Opposition leader Tony Abbott has given one of the strongest suggestions to date that the Coalition will not roll back fibre deployed by the NBN Co should it be elected to power at the next election.
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Speaking at a Liberal party address in Launceston, Tasmania, Abbott attacked the National Broadband Network (NBN), describing it as a return to the 1960s’ era of a Telecom monopoly, but stopped short of promising to remove the network on taking power.
“Now, I understand that before the election there was a bit of enthusiasm for this policy here in Tasmania and the last thing I would want to do is damage or detract from any new infrastructure that might actually have been rolled out here in Tasmania,” Abbott said.
Despite making a commitment to remove the infrastructure, Abbott went on to attack the Tasmanian leg of the NBN deployment claiming that only half of the 5000 households passed by the fibre had been connected.
Abbot also claimed, despite evidence to the contrary on high-speed broadband’s contribution to economic growth, that the NBN offered no benefit.
“Ladies and gentlemen, this looks like a gift but it is a gift that we will be paying for again and again, our children and their children. It is a gift funded by debt that we must repay. It is a gift that does not give,” Abbott said.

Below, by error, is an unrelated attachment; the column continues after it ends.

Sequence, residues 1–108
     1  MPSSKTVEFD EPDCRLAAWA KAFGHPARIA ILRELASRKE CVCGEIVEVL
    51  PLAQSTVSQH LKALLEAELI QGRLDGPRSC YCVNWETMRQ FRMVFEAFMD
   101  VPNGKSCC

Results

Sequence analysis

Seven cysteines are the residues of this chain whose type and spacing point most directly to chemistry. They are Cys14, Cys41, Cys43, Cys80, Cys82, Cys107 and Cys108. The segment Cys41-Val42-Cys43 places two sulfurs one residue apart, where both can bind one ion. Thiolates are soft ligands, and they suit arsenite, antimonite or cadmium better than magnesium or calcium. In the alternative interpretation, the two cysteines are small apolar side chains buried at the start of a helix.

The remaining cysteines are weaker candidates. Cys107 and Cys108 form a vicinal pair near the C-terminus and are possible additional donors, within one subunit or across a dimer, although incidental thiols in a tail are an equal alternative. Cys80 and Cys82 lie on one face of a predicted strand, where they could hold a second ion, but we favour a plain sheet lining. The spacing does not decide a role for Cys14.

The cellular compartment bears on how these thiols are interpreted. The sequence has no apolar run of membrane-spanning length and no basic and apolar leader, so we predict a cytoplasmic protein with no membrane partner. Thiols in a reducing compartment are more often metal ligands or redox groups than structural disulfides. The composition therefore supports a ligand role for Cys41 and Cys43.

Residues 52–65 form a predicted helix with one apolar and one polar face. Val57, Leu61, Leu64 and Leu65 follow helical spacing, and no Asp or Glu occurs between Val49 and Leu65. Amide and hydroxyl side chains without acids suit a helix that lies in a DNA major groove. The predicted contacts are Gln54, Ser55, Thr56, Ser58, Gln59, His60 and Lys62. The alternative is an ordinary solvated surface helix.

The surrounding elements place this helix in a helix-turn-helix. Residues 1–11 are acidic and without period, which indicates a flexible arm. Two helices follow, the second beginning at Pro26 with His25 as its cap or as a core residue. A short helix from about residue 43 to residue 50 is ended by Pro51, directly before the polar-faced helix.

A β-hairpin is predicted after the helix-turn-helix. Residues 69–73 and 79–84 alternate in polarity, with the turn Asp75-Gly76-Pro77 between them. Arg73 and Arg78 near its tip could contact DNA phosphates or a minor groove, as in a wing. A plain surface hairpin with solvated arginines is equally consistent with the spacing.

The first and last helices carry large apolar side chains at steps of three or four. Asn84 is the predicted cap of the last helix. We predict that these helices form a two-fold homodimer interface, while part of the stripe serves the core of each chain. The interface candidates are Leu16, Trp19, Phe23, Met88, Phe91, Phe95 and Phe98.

Abbott’s mixed signals on the NBN follow comments from Opposition communication minister, Malcolm Turnbull in October, that the Opposition had decided to support the separation of Telstra following Telstra’s call for the swift passage of the separation legislation.
“Telstra is committed now to structural separation, and I think it would be in the interests of competition generally, and indeed in the interests of shareholders if there was an effective separation, but it would have to be on terms that gave security, in terms of pricing, to that separated network company," Turnbull said at the time.
In March, Senator Nick Minchin, then acting as the shadow minister handling the separation bill and himself a former shadow communications minister, said the bill was an "extraordinary attack" on Telstra.
“The opposition will be opposing the bill as it is an extraordinary attack on a substantial publicly-listed company by the Australian Government,” he said at the time.